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Rice settles financial aid lawsuit for $33.75 million

financial-aid-lawsuit-william-liu
William Liu / Thresher

By Prayag Gordy     2/23/24 9:04pm

Rice reached a $33.75 million settlement in the financial aid “cartel” lawsuit, according to Friday court filings. Rice denied wrongdoing in the settlement.

The class action lawsuit, filed in 2022, accuses Rice and 16 other elite universities of illegal price-fixing that decreased aid to students. Ten universities have now settled for a cumulative $284 million.

The 17 universities collaborated on “principles” for calculating financial need, which was permitted under Section 568 of the Improving America’s Schools Act of 1994 for need-blind universities. However, the plaintiffs allege that some of the 17 defendant universities were not truly need-blind, and others — like Rice — should have known that their peers did not qualify for inclusion into the eponymous 568 Presidents Group.



In a statement to the Thresher, Rice denied unfairly limiting need-based financial aid.

“Rice is committed to transforming the lives of students and supporting Owls of all socioeconomic backgrounds through its generous, loan-free financial aid programs and need-blind admissions,” Jeff Falk, the assistant vice president for strategic communications, wrote. “The university never conspired to decrease aid for its students.

“The Rice Investment, our signature program to meet the needs and potential of all students, will continue to provide scholarship and grant opportunities to deserving students,” Falk added.

Rice students who enrolled after Fall 2003 can qualify for the settlement class if they are a U.S. citizen or permanent resident who received need-based financial aid covering some — but not all — tuition, fees and room and board. The average claimant will receive $2,000, according to the Angeion Group, which will administer the settlement. The Angeion Group estimates that some 200,000 students and alumni across the 17 universities may be eligible for the settlement.

Omar Syed, Rice’s general counsel, told the Thresher that Rice settled before trial — like some 95 percent of civil lawsuits, Syed added — to avoid “escalating costs of defending itself in court.” In the filing detailing Rice’s portion of the settlement agreement, the plaintiffs and Rice agreed that the settlement would not be an admission of wrongdoing.

“Importantly, Rice never conspired with anybody to decrease aid for its students,” Syed wrote in an email. “But as the lawsuit went on, it became clear that remaining part of the collective of universities (the defendants in the lawsuit) was not in Rice’s best interests.”

Syed wrote that Rice has insurance for “certain larger liabilities,” and the settlement allows Rice to pay the $33.75 million over two years.

“Rice is also taking other careful steps to make sure this settlement does not impact our students or programs,” Syed wrote.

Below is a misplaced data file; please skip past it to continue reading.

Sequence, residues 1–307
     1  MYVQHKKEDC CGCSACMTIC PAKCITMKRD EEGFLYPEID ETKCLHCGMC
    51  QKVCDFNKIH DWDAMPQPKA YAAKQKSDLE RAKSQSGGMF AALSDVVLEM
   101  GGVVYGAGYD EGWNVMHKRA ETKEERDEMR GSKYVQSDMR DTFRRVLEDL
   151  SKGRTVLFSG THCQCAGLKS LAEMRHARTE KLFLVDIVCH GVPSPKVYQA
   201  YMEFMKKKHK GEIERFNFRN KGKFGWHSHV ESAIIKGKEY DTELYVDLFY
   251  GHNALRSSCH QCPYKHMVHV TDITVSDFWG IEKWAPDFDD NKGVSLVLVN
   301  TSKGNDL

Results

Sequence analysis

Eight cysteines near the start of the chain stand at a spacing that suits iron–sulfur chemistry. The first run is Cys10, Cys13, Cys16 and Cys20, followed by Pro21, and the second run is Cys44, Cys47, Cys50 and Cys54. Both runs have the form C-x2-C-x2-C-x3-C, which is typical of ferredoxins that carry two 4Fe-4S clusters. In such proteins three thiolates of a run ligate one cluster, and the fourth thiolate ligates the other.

Syed did not answer a question asking if Rice’s financial aid practices will change.

Ten universities have now settled in the case, styled Henry v. Brown University. The University of Chicago settled first in August 2023 for $13.5 million. Yale, Emory, Brown, Columbia and Duke universities then settled in January for a collective $104.5 million, ranging from $18.5 million to $24 million per school.

Together with Rice’s $33.75 million — which was initially set aside in an October 2023 financial statement — Dartmouth, Northwestern and Vanderbilt universities announced settlements of $33.75 million, $43.5 million and $55 million, respectively.

In all, the 10 universities have paid $284 million — and seven other defendant universities remain.

In a Friday filing, the plaintiffs wrote that they aimed to increase settlement amounts with each successive agreement to “put pressure on the non-settling Defendants to settle imminently or risk having to pay significantly more by waiting.” Syed said Rice agreed to settle the case before Northwestern and Vanderbilt, which is why those universities will pay higher amounts.

The class action lawsuit was filed Jan. 9, 2022, the Section 568 exemption ended Sept. 30, 2022 and the 568 Presidents Group was dissolved Nov. 4, 2022.

Under Section 568, antitrust restrictions were waived for fully need-blind universities so they could “use common principles of analysis” in determining need-based aid. However, some universities were need-aware in certain cases, such as waitlist admissions, so the plaintiffs claimed that any 568 Presidents Group agreement broke the exemption.

In a motion to dismiss the lawsuit filed in April 2022, the defendant universities argued that “need-blind schools retain Section 568’s protection where, as here, they are not plausibly alleged to have actual knowledge that other member schools are not need-blind.”

However, in a July 2022 “statement of interest” in the case the U.S. Department of Justice wrote that agreements between need-blind and need-aware universities are not exempt under Section 568, even if the fully need-blind universities like Rice lack “actual knowledge” that their collaborators are need-aware.

“As Defendants acknowledge, the 568 Exemption covers certain ‘agreements,’ not certain defendants,” the DOJ wrote. “An agreement either qualifies for the exemption or it does not.”

[Feb. 27, 2024 9:00 p.m.] This article was updated with additional information about the settlement.



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